It is not the military or prison,  as long as you are competent and not contemplating self- (or other person) injury, you are free to do what you want.  You usually cannot take an inserted IV line with you,  though. The "dwell time" in the ER depends upon many things,  NONE of which do the ER doctors or nurses have ANY control over,  and yet often receive the frustrated patient's scathing diatribe over. There is no ER-mind-control over other departments (lab, imaging, consultants, pharmacy--who each, in their work space have competing demands to prioritize and process), the "next patient" that can always appear at any time, very self-centeredly attempting to die and thus demanding the complete attention of several ER team members for an unknowable duration of time until "stable" in either sense of the word, and we can pick back up (ideally) where we left off with everyone else.  The paperwork components,  so your insurance does not arbitrarily deny your visit and leave you with the large (undiscounted) bill, are onerous and require some focused time along the way, as there is never a predictable down time to finish it after you are discharged, but if incomplete not done may cost you.  Prescriptions and follow up / cautionary guidance take time to generate. Etc., etc. Keep in mind, that "tv time" is not reality based, otherwise that CPR the Paramedics brought in,  and took us from your care, would be revived, diagnosed with and cured of whatever failed him/her at the time, and be ready for discharge ahead of you,  since they got our collective focused attention (as above). Also, if you have a Primary Care Provider,  the time frame for comparison is different: couple of days to weeks to get in, orders for outpatient testing,  some of which needs scheduled,  then return visit to review and see if you are better, worse, or the same. This leads to the next round of testing,  and/or consulting,  and on and on. Each step can be a day to weeks long. The ER can often jumpstart the process several steps, but will likely take most of the day to accomplish.  And, this assumes that you have come in early in the day on a weekday that is not a holiday, so testing and specialists are readily available.  Everything is not the same evening or overnight hours,  weekends or holidays.  Bring a book or something else to pass the time with during your stay. Also, EAT if coming near a mealtime, the staff often does not get a break to eat, and it is admittedly NOT the emphasis of a location with "Emergency" in the name. Also, there is likely "no stars" rated for our "box lunch" cuisine. If you keep your expectations realistic,  and are a "patient patient," your visit with the dedicated staff of the ER will be more palatable, and a few more minutes to get the discharge paperwork will not seem like such a long time. READ MORE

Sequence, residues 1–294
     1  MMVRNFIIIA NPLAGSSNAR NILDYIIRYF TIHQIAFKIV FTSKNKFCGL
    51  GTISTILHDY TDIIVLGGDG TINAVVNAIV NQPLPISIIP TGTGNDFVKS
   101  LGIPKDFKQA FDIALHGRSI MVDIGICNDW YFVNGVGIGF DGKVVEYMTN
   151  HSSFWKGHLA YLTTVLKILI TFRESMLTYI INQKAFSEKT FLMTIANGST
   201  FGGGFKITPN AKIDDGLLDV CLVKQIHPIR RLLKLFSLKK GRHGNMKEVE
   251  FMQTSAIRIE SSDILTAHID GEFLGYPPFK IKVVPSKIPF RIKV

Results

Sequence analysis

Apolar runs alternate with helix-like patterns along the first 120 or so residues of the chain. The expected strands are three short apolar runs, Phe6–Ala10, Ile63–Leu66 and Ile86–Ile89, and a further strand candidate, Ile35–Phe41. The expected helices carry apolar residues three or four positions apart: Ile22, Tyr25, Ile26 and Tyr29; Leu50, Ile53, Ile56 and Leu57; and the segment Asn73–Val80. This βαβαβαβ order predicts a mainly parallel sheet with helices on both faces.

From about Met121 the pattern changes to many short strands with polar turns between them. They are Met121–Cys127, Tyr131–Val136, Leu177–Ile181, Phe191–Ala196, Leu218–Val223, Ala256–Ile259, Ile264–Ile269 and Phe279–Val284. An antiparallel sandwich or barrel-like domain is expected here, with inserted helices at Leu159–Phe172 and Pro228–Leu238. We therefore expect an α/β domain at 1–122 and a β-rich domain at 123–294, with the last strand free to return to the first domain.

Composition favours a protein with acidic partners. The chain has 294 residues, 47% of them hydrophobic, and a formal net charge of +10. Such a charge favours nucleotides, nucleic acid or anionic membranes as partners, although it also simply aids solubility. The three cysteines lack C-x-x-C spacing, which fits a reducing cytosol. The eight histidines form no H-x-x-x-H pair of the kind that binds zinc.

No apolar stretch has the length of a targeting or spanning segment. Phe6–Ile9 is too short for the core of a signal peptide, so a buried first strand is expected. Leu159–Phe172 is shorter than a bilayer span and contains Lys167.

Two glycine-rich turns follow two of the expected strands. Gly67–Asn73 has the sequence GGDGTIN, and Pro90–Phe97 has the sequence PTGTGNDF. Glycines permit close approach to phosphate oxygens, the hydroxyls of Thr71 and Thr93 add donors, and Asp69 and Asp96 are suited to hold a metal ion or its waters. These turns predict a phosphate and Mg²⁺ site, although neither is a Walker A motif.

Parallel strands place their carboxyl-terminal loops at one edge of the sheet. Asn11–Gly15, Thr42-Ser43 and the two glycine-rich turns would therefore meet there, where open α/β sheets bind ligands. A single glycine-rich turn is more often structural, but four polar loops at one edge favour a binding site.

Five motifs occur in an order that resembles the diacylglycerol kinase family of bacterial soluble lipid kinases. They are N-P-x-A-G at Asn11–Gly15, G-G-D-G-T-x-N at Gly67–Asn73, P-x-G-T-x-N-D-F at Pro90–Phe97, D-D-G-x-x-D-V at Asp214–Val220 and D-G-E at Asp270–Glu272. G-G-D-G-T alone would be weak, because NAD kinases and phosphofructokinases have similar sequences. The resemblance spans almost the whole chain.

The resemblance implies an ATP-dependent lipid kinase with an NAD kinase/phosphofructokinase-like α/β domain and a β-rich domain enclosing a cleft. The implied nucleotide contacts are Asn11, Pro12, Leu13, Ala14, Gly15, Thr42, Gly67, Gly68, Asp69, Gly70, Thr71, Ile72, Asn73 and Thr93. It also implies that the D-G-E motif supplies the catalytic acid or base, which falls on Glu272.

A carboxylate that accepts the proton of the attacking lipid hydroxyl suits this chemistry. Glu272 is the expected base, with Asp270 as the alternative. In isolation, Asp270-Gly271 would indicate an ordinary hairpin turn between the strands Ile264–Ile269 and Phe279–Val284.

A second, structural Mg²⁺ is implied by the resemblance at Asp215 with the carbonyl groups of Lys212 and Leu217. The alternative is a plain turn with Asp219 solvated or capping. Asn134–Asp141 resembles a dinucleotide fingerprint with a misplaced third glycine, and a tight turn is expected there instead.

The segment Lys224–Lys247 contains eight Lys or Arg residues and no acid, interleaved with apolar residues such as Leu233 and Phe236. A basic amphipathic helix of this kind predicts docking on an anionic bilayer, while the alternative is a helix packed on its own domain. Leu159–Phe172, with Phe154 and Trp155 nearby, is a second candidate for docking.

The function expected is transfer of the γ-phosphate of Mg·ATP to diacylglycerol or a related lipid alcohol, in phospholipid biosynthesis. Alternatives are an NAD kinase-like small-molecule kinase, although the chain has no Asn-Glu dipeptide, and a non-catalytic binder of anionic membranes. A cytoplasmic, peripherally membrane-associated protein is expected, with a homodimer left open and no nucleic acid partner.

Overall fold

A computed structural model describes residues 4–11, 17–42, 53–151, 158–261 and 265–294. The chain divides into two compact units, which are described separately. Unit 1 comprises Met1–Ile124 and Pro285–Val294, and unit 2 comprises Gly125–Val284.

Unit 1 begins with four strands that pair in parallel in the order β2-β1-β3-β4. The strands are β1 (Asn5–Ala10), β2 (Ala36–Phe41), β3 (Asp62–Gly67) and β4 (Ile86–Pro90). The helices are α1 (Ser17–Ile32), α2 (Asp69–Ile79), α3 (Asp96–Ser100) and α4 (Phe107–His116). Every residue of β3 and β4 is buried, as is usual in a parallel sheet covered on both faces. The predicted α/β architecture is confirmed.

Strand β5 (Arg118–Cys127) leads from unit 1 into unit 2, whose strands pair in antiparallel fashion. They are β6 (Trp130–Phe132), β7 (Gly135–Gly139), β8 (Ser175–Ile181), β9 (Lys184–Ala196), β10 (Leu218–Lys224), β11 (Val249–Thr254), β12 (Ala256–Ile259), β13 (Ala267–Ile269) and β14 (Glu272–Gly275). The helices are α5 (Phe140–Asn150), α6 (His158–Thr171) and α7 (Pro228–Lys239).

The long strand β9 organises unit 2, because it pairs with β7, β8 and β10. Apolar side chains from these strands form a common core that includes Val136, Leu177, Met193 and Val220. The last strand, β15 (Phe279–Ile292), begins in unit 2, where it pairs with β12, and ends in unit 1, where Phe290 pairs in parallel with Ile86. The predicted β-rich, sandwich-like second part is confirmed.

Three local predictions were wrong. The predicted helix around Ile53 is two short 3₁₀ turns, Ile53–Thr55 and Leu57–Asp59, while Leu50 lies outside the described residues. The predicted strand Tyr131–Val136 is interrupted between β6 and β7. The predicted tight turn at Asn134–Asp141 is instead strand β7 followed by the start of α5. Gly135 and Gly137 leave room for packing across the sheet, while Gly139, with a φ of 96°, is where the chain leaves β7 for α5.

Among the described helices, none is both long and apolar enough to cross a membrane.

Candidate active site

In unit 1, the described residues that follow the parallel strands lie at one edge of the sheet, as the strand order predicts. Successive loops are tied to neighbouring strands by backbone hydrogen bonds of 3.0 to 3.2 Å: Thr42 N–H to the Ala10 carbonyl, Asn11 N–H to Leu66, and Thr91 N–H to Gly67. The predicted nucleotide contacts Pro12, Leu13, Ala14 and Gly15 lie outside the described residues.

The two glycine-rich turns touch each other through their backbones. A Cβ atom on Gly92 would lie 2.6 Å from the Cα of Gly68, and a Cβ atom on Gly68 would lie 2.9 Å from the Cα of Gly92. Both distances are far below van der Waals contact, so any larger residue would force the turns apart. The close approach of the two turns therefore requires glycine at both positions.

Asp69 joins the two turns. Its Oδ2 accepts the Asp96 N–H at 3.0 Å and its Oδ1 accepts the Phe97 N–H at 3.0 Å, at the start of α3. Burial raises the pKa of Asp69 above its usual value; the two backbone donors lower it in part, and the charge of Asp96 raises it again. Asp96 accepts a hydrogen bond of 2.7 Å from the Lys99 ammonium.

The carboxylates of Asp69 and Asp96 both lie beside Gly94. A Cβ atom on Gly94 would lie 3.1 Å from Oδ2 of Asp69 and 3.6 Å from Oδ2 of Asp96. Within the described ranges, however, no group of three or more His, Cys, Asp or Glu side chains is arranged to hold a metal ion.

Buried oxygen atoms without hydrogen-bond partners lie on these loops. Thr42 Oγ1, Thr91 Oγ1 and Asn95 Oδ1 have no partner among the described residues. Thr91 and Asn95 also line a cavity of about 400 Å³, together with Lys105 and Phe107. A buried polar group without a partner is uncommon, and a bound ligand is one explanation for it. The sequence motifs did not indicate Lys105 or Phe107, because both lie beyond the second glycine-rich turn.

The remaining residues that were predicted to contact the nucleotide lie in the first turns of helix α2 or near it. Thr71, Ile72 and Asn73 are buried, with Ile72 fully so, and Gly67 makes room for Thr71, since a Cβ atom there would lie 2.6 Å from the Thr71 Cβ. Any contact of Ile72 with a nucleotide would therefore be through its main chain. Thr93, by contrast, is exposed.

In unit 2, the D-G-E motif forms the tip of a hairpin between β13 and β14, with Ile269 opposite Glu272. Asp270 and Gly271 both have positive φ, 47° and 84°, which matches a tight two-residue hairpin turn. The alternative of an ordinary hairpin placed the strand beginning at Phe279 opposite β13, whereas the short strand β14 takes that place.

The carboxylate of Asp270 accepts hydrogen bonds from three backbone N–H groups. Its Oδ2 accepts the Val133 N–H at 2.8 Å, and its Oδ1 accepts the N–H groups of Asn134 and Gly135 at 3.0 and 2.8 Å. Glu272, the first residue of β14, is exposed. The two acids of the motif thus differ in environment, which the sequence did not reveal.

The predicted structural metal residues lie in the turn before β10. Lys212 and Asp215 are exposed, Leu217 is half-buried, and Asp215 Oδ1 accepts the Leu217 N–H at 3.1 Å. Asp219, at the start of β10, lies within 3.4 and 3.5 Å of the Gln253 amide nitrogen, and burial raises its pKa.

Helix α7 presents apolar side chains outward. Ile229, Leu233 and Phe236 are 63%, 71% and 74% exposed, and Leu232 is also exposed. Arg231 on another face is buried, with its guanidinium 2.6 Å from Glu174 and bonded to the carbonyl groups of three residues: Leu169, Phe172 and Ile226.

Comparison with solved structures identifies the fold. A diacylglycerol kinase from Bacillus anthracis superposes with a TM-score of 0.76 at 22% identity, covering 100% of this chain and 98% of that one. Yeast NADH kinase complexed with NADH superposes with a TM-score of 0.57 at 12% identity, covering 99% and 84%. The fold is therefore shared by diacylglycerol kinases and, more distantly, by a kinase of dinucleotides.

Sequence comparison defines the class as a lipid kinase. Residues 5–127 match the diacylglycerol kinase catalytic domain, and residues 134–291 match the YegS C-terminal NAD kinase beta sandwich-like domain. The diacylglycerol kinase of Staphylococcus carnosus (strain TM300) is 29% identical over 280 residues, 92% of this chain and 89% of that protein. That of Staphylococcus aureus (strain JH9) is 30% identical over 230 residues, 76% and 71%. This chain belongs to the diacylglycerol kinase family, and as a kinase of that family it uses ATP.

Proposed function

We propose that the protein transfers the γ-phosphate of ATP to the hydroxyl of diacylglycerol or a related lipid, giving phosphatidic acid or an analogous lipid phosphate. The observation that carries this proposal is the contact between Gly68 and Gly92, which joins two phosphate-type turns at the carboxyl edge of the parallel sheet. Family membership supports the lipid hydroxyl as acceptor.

• What is the first aid treatment for a heart attack?

    Call 911. Have the patient sit down.  Loosen restrictive clothing. If have, give four baby aspirin (81mg x 4 = 324mg) -OR- an aspirin (325mg). Make sure you or someone else has called 911. If the person has medication to take when having chest pain, you may help open the little bottle and put one of the even smaller pills into their hand, so they do not wind up dropping the pills while fumbling with them. READ MORE

  • What are the symptoms of appendicitis?

    Pain in the right lower quadrant (RLQ) is a classic indicator of appendicitis. That said, it is rarely the only one. Many others are often also present: fever, loss of appetite ("anorexia"), a loose/diarrheal stool (but not prolific), pain that increases over time, increasing sensitivity to any movement of the abdomen, and initially ("classically") pain that starts at/near the belly button and then migrates to the RLQ. If the pain is the only feature, if it has been there for awhile (hours to days), and is stable (not worsening), then it is less likely appendicitis. In males, the system is less anatomically complex (no female reproductive system components that could also be responsible), and it is usually musculoskeletal related or the GI tract (including the appendix) as the source. If the pain is persistent, worsening, and/or associated with any of the other symptoms above, you should be seen in an ER, in general, not an office or clinic, as the ER can get rapid diagnostic imaging (ultrasound or CT), give pain medication and antibiotics, and obtain a surgical consultation. READ MORE

  • Does being an undersea and hyperbaric worker damage your ears?

    Not unavoidably.  It is an increased risk because of the pressures, changes in them, and amounts of time involved; however, as long as you respect the risks and follow the time-tested procedures,  you can minimize your risk to close to the general public.  Usually the more common occurrence is the random / chance event. Hyperbarics gives you the added benefit of "diving" in 100% oxygen, so you wash out the nitrogen that is usually the culprit. READ MORE

  • How should I treat a fever that is getting higher?